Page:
Tuesday, January 30, 2007
On political smears and coming to Jesus
About a week ago a good friend (who like me, is an unrepentant political liberal) forwarded me an email sent to her by another mutual friend, a woman of a very conservative bent. The email was about Senator Barack Obama, and shared the "fact" that Obama had been educated as a Muslim as a child. The strong suggestion was that he became a Christian (perhaps, "affiliated himself with Christianity" captures the flavor of the allegation more accurately) much later, after having been bitten by the political bug. The friend who forwarded it did so with the equivalent of an eye roll (yes, you can do that by email), along with the suggestion that perhaps an intervention might be in order for our mutual friend.
Imagine my surprise when this Sunday's New York Times carried this story on it's front page:
Feeding Frenzy for a Big Story, Even if It’s False
By DAVID D. KIRKPATRICK
Published: January 29, 2007
WASHINGTON, Jan. 28 — Jeffrey T. Kuhner, whose Web site published the first anonymous smear of the 2008 presidential race, is hardly the only editor who will not reveal his reporters’ sources. What sets him apart is that he will not even disclose the names of his reporters.
But their anonymity has not stopped them from making an impact. In the last two weeks, Mr. Kuhner’s Web site, Insight, the last remnant of a defunct conservative print magazine owned by the Unification Church led by the Rev. Sun Myung Moon, was able to set off a wave of television commentary, talk-radio chatter, official denials, investigations by journalists around the globe and news media self-analysis that has lasted 11 days and counting.
The controversy started with a quickly discredited Jan. 17 article on the Insight Web site asserting that the presidential campaign of Senator Hillary Rodham Clinton was preparing an accusation that her rival, Senator Barack Obama, had covered up a brief period he had spent in an Islamic religious school in Indonesia when he was 6.
(Other news organizations have confirmed Mr. Obama’s descriptions of the school as a secular public school. Both senators have denounced the report, and there is no evidence that Mrs. Clinton’s campaign planned to spread those accusations.)
In an interview Sunday, Mr. Kuhner, 37, said he still considered the article, which he said was meant to focus on the thinking of the Clinton campaign, to be “solid as solid can be.” But he declined to say whether he had learned the identity of his reporter’s sources, and so perhaps only that reporter knows the origin of the article’s anonymous quotes and assertions. Its assertions about Mr. Obama resemble rumors passed on without evidence in e-mail messages that have been widely circulated over the last several weeks.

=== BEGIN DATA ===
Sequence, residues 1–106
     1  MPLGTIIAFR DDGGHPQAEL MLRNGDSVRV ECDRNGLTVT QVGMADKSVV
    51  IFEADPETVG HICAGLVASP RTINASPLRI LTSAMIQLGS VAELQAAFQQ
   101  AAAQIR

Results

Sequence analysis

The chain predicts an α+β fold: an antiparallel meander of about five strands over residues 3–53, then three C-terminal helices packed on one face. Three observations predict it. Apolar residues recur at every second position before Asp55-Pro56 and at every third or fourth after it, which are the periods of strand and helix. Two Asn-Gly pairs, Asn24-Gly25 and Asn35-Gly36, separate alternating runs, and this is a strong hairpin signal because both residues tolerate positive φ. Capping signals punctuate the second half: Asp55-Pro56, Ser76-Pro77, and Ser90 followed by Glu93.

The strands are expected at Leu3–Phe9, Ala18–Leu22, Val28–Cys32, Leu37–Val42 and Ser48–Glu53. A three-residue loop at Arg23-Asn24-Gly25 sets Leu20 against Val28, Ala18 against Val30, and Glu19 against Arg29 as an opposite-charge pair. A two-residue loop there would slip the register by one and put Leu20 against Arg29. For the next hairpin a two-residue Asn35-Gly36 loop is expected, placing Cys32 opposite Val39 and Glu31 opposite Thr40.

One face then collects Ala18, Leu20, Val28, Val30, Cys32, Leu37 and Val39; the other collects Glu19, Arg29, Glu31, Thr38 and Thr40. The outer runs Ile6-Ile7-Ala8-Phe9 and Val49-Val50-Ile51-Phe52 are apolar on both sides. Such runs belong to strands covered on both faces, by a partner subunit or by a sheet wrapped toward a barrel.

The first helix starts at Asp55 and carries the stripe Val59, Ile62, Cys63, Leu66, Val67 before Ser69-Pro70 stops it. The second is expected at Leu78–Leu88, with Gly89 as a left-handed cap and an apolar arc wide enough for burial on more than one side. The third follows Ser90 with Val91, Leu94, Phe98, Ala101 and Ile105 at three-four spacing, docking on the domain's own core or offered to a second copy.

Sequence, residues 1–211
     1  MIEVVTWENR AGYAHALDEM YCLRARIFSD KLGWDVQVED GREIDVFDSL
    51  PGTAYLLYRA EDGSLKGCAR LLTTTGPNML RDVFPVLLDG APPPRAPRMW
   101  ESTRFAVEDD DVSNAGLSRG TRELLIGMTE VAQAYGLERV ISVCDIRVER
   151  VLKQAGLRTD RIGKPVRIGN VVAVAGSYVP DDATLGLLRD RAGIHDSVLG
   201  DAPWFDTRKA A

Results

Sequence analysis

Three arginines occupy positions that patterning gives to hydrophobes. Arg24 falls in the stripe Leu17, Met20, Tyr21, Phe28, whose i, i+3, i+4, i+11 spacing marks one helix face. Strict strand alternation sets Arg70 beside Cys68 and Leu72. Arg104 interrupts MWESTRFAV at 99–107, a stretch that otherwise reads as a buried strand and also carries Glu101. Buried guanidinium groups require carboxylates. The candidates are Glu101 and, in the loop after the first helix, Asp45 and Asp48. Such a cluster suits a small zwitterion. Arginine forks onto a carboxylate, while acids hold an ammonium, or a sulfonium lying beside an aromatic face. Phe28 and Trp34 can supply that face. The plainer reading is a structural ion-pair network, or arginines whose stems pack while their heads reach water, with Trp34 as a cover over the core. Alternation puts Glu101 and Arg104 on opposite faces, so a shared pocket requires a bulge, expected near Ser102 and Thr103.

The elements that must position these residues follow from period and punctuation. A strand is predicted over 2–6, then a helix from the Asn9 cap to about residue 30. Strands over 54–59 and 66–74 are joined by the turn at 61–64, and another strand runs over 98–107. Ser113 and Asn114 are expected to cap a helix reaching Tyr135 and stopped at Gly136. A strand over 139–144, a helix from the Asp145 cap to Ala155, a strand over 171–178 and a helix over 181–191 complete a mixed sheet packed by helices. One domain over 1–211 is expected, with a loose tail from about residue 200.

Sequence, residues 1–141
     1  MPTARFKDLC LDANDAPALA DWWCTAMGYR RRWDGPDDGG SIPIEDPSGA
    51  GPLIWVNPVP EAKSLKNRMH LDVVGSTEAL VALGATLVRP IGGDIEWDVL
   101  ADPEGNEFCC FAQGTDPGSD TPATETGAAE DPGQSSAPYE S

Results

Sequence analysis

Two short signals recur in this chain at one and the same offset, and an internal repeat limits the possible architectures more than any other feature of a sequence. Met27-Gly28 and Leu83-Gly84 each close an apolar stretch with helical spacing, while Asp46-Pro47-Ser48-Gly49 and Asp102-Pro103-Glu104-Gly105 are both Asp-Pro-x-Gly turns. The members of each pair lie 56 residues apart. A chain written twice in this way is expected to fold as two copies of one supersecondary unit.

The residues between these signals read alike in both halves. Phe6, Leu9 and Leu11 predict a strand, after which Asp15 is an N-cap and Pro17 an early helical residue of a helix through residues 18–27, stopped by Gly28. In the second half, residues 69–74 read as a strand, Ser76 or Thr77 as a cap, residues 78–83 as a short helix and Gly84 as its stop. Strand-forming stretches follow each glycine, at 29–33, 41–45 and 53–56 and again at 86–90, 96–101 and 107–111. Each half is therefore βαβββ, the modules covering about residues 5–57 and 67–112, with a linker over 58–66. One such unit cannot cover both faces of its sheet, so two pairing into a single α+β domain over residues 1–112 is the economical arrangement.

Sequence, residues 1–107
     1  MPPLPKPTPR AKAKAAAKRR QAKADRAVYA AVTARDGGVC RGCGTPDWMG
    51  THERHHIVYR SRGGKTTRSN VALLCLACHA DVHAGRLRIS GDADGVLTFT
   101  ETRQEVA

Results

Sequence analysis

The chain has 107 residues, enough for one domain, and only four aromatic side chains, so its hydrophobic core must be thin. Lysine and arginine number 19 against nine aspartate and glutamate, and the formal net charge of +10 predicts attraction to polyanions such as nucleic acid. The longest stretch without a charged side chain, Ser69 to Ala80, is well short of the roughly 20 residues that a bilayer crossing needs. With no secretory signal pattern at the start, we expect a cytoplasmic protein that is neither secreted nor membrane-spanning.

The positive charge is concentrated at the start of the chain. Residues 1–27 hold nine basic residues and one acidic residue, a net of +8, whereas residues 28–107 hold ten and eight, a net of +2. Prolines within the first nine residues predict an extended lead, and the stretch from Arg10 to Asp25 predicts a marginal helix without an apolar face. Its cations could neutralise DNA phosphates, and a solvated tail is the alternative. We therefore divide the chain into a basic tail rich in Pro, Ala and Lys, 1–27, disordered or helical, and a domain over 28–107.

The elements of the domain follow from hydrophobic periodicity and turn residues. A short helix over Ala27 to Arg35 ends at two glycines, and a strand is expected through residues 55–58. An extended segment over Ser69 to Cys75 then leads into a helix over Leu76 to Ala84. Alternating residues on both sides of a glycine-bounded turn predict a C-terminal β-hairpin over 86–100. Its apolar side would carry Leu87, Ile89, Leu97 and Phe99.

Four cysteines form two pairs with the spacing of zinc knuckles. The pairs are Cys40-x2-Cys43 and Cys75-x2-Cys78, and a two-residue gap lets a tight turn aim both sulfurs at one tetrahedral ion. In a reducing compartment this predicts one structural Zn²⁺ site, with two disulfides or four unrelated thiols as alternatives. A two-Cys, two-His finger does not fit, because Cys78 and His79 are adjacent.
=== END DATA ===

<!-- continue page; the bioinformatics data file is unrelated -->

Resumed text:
The Clinton-Obama article followed a series of inaccurate or hard-to-verify articles on Insight and its predecessor magazine about politics, the Iraq war or the Bush administration, including a widely discussed report on the Insight Web site that President Bush’s relationship with his father was so strained that they were no longer speaking to each other about politics.
The Washington Times, which is also owned by the Unification Church, but operates separately from the Web site, quickly disavowed the article. Its national editor sent an e-mail message to staff members under the heading “Insight Strikes Again” telling them to “make sure that no mention of any Insight story” appeared in the paper, and another e-mail message to its Congressional correspondent instructing him to clarify to Mrs. Clinton and Mr. Obama that The Washington Times had nothing to do with the article on the Web site... (you can read more here.)
So, so many interesting angles to the story...
The Hillary Clinton angle (full disclosure: she's my senator, I voted for her twice, I will seriously consider supporting her in her run for president).
The fear of Muslims angle.
The "wishy-washy-no-moral-center-Democrats" angle.
The dirty tricks angle (this administration resembles the Nixon administration more by the minute, I swear).
The Unification Church (!) angle.
And let's not forget the race angle (the real potential Obama has for being our first African American president, the mere thought of which makes this liberal's heart swell with ecstacy).
What perplexed me about the original email was its tone of moral indignation. Isn't the Christian right supposedly all het up to get people to come to Jesus? Shouldn't they therefore be dancing in the streets at one more soul saved, if indeed the early Islamic education angle is true? Which, apparently, it's not.
What disturbed me was the fact of its having been forwarded by someone who, despite our being on opposite ends of the political spectrum, seems generally reasonable. That she would forward such a piece of claptrap was truly worrisome to me. It spoke volumes to me of the knee-jerk willingness on the part of conservatives to believe and assume the worst about Democrats (I don't know that we can call Obama a liberal. I also don't know that I can call someone being educated in one faith and embracing another the "worst.")
It's going to be a long 643 days 12 hours and 43 minutes.
Photo courtesy of stijn v. and Flickr.